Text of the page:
Sir Merton and Lady Russell-Cotes travelled to Australia in 1884, then on to New Zealand, Samoa, Hawaii, Fiji, San Francisco and finally, Japan. Whilst there they amassed a superb collection of Japanese works of art, which can be seen today at the Russell-Cotes Art Gallery and Museum in Bournemouth. In 2003 the museum asked us to conserve a large number of objects for a special exhibition, a selection of which can be seen below.
The craftsmanship displayed in these objects is astonishing. Most were structurally in good condition, however the surfaces of the various objects required careful cleaning. The cleaning revealed detail and beauty which could not be seen previously, though the objects had been on display since 1921. For example, a small pagoda was found to be covered in darkened gold paint. When this was removed, silver, copper and gilt inlay appeared and it was discovered that the pagoda was made from recycled sheets of metal containing impressed Buddhist text.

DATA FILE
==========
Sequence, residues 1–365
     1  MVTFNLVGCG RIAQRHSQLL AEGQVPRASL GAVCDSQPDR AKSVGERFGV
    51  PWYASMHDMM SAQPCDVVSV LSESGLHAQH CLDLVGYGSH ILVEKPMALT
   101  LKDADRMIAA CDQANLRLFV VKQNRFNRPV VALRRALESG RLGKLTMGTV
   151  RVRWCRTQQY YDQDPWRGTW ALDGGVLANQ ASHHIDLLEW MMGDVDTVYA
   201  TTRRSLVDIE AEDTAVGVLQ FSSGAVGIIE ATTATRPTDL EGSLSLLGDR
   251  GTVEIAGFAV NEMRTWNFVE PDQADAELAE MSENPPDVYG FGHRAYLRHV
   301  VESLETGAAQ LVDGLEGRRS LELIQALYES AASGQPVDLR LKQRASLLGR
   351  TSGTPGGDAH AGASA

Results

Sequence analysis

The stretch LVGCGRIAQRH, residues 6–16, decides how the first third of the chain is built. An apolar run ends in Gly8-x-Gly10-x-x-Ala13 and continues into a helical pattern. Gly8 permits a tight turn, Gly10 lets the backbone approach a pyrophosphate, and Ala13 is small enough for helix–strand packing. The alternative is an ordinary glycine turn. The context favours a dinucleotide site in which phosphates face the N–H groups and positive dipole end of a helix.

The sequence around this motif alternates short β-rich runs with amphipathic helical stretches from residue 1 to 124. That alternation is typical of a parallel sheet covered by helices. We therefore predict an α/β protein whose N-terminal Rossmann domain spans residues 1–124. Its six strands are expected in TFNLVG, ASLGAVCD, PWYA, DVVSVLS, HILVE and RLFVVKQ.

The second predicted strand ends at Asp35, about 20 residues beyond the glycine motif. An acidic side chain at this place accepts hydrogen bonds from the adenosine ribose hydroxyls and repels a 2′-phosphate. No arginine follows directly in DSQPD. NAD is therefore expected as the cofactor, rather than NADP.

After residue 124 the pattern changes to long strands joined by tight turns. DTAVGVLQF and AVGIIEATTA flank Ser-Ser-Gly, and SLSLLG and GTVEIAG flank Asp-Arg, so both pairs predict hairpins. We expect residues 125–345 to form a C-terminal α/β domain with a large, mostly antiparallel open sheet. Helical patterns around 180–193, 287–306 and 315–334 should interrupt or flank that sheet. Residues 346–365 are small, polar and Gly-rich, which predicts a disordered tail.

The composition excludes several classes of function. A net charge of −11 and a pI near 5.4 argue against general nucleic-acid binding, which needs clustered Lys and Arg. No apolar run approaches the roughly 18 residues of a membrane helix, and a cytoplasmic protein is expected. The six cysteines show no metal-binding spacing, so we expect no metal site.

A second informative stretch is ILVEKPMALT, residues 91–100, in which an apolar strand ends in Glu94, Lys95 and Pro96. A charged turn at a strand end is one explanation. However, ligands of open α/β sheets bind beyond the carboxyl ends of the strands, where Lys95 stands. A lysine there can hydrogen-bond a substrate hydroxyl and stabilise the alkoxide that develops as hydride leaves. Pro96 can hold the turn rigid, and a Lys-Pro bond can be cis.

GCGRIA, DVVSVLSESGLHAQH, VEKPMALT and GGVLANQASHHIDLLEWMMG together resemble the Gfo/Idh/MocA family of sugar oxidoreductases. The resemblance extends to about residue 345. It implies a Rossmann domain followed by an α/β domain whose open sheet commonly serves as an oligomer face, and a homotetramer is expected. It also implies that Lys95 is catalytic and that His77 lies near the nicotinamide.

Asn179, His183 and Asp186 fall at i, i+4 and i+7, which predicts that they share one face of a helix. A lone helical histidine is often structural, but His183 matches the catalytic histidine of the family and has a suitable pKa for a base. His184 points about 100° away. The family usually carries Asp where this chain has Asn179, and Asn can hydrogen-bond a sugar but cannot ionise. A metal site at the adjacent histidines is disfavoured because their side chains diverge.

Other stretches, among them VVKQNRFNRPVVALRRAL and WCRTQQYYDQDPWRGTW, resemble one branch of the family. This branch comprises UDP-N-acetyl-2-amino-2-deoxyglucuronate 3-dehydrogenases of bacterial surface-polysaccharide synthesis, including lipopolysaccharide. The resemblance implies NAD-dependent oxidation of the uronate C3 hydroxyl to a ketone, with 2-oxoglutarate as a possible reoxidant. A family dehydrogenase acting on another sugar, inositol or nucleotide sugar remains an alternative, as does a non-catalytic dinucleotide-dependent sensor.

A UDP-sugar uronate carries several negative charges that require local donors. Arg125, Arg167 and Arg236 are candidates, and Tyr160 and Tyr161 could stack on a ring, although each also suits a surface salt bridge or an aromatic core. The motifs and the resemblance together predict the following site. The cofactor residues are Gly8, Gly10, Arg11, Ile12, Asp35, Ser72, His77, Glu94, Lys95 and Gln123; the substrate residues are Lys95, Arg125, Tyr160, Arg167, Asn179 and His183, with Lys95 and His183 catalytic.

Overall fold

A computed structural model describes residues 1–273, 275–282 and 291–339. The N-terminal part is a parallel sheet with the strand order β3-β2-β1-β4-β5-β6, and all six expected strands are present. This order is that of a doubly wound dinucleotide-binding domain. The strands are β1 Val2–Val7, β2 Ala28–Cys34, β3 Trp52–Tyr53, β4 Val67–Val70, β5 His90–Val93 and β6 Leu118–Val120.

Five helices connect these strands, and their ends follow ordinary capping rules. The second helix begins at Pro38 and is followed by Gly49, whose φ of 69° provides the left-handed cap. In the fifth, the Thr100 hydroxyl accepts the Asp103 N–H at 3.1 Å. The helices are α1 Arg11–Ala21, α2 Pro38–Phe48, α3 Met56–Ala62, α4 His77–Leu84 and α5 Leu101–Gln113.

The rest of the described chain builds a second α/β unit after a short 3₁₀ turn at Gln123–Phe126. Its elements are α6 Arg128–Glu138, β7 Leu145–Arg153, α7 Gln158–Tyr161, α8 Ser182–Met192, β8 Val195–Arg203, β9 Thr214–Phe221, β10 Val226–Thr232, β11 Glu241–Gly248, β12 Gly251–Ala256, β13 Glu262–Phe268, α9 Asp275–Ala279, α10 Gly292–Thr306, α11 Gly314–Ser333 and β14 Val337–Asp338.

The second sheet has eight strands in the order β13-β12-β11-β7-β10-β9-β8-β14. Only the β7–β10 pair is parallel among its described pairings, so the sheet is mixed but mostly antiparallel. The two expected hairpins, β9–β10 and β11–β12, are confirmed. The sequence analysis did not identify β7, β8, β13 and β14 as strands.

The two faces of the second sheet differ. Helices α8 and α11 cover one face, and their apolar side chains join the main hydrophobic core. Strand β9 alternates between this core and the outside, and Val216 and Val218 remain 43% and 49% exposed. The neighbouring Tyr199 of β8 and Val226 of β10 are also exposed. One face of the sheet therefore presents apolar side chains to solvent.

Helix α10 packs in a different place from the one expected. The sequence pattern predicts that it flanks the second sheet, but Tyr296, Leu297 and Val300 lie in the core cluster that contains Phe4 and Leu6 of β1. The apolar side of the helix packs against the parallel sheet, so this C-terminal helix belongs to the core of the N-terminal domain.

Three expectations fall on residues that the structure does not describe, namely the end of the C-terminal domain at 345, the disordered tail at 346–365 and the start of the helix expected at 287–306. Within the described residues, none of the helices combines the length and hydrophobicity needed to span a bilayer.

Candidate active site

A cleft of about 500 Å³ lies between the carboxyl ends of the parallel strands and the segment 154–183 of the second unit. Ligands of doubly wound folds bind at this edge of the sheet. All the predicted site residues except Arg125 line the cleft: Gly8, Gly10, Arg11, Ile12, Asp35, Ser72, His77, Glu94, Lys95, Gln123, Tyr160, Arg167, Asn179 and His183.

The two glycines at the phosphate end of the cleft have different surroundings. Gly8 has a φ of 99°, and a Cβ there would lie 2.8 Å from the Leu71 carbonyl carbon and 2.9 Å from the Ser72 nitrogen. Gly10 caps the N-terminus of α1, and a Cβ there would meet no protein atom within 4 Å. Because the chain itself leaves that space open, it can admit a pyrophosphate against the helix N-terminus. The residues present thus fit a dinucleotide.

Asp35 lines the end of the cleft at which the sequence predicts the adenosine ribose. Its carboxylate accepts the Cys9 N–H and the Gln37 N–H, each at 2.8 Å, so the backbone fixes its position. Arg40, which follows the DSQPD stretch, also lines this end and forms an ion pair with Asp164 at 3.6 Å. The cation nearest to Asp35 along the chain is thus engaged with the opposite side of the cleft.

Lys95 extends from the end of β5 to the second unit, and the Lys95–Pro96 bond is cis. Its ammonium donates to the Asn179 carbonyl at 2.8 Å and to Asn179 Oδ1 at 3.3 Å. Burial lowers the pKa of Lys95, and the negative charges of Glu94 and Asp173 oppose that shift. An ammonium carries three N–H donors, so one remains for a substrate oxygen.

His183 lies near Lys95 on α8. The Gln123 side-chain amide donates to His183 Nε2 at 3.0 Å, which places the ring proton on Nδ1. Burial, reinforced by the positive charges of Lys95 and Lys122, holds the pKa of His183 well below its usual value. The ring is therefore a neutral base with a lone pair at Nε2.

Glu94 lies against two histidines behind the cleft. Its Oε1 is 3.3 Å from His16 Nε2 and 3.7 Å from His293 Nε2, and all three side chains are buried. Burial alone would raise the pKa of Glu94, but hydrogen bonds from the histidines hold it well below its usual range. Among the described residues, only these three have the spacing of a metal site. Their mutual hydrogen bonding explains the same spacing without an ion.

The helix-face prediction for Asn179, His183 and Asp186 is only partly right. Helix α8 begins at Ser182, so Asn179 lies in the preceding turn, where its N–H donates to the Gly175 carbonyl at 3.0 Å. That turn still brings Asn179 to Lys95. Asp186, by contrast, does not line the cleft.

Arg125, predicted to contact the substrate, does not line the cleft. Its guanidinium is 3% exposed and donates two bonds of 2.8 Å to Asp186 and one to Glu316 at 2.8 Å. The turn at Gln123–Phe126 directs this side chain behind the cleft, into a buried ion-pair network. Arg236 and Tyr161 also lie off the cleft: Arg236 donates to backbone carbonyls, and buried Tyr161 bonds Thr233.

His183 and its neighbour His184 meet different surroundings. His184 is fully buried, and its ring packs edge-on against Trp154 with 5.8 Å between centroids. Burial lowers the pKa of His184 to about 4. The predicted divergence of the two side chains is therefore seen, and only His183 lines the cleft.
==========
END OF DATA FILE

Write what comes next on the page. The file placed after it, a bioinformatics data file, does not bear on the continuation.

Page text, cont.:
Above: Large iron dish, by Komai of Kyoto, Meiji Period, 1880-1890
Above: Tabakobon (smoking cabinet), Edo Period, early 19th Century
Above: Pair of Abumi (stirrups), Edo Period, late 18th - early 19th Century
Above: Pagoda Cabinet, by Komai of Kyoto, Meiji Period, 1880-1890
Above: Koro (incense burner) in the form of a silver elephant, by Nakagawa Yoshizane, Meiji Period, late 19th Century
Above: Koro (incense burner), in the form of a large cockerel on a drum, Edo Period, C.1850-1860
Above: Shrine in the form of a pagoda, Meiji Period, 1880-1900
Above: Pair of 'trumpet-mouthed' vases, Meiji Period, C.1900
Above: Pair of large bronze vases, Meiji Period, 1850-1890
Above: Iron plaque with battle scene by Komai of Kyoto, Meiji Period, 1880-1890
Above: Kozuka (hilts of small knives), Edo and Edo-Meiji Periods